The repercussions for reading instruction were profound as the implication was clear: the ability to read could be constructed through problem solving, investigation and motivation. If curiosity were sparked, then learners could construct learning. But how can a child construct the unravelling of the most complex alphabetic code known to mankind?
Huey (1908) was adamant that learning to read is just the same as learning to talk, with children grasping what is within their cognitive perception and ignoring the obscure. It is interest that drives development and an interest in print that drives a child’s desire to imitate; a clear parallel with Dewey’s ‘curiosity’. Formal reading exercises were eschewed by Huey, who advanced this imperative with the recommendation that if a child were unable to read a text then it should not be read; ‘Its very difficulty is the child’s protection against what is as yet unfitted for,’ (1908, p57).
This is in fundamental breach of Geary’s (2002) model of biologically secondary development that involves the co-opting of primary folk-psychological systems (in the case of reading this is language communication). Geary (2002) defines this co-optation as the adaption through instruction of evolved cognitive systems for culturally specific uses and specifically in the case of reading acquisition in the co-option of primary language systems. The cognitive systems and neurological routes that are employed when reading are different to those employed for oral communication and have adapted to the constraints of the human brain not evolved (Dehaene, 2014). The cognitive systems engaged for processing phonemes are the same systems engaged when reading (Pugh et al, 1997).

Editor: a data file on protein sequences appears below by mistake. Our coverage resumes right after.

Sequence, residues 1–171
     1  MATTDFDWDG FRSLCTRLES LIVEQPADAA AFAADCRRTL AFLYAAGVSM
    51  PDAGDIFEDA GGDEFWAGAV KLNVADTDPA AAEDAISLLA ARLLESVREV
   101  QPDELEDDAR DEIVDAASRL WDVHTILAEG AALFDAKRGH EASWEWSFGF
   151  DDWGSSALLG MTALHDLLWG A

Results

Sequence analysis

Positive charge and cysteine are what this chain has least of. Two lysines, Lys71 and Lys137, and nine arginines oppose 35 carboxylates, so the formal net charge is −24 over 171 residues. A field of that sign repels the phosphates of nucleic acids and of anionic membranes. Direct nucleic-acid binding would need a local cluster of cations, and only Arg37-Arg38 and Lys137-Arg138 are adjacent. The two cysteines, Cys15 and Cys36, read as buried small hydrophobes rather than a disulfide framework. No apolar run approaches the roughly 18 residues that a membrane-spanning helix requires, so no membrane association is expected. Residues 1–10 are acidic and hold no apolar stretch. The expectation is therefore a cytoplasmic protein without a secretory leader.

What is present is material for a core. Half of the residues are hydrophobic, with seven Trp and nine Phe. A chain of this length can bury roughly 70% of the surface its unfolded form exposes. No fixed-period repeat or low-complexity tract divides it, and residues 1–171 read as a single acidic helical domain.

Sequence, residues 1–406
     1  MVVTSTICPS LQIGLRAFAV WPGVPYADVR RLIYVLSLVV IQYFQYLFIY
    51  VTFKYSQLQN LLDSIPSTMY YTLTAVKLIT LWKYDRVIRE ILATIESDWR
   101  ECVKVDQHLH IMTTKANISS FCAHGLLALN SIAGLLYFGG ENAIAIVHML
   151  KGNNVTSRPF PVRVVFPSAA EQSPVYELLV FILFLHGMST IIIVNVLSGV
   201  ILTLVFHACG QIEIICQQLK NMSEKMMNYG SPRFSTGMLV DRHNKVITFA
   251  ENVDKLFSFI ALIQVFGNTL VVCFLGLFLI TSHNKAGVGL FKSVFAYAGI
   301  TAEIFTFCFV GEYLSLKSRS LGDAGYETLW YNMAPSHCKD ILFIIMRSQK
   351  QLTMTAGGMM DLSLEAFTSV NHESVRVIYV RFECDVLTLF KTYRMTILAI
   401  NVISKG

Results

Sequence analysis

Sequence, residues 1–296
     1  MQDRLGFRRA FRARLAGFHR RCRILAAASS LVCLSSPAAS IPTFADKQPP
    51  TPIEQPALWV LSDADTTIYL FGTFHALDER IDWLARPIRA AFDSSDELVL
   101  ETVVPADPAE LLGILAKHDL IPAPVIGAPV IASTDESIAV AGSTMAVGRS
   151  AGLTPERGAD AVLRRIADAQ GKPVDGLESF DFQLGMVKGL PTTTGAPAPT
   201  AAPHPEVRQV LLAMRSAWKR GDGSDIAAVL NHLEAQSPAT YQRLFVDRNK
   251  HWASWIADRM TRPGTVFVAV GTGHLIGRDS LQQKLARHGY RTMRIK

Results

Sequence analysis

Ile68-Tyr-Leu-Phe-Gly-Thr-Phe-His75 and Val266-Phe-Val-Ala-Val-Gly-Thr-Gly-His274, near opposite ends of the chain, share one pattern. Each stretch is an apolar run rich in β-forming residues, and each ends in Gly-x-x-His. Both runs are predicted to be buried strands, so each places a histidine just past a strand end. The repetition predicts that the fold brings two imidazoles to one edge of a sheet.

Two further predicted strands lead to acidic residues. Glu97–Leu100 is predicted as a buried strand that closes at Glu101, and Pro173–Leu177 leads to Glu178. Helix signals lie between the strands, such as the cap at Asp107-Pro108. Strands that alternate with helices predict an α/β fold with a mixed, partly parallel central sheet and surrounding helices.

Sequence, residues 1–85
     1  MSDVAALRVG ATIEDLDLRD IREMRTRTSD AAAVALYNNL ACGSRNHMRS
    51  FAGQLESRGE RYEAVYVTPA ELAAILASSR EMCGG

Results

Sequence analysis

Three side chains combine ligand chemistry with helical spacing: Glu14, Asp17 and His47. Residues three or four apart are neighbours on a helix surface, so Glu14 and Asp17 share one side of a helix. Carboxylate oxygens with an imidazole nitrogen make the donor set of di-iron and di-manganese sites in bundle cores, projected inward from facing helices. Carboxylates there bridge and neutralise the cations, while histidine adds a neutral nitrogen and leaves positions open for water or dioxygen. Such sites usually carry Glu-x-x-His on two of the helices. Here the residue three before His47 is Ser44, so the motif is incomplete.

Geary (2002) is clear: reading acquisition is biologically secondary and requires instruction.
In defence of Dewey and Huey, they were advancing their theories well before the developments in neuroscience that fundamentally undermined their postulations, but it is the ubiquity of their ideas that was so damaging for reading instruction along with the intuitive axiom that motivation, collaboration and cooperation were at the heart of good learning (Tracey and Morrow, 2012). They added a final nail in the coffin of reading acquisition for children with their concept of ‘reading readiness’.
The crusade against teaching reading before the age of seven began in England in the late nineteenth century but became hallowed in American pedagogy such that the acceptance of ‘delay as a teaching technique’ developed into common educational parlance (Anderson and Dearborn, 1952). Dewey, nonetheless, took this to the extreme, espousing that a child need not be exposed to text before the age of eight and in some cases ten years old. Huey concurred with the eight-years old threshold and recommended no formal reading instruction until the habits of spoken language had been well formed; the curriculum would focus on promoting the desire to read (Diack, 1965).
This delay in the teaching of reading was disastrous for many children and contrary to all current research which concludes that children should be reading by the age of six (Clay 1979, 1991; Holdaway 1979; Teale 1984; Stanovich & West 1989).
This blog is number 10 in a series of blogs.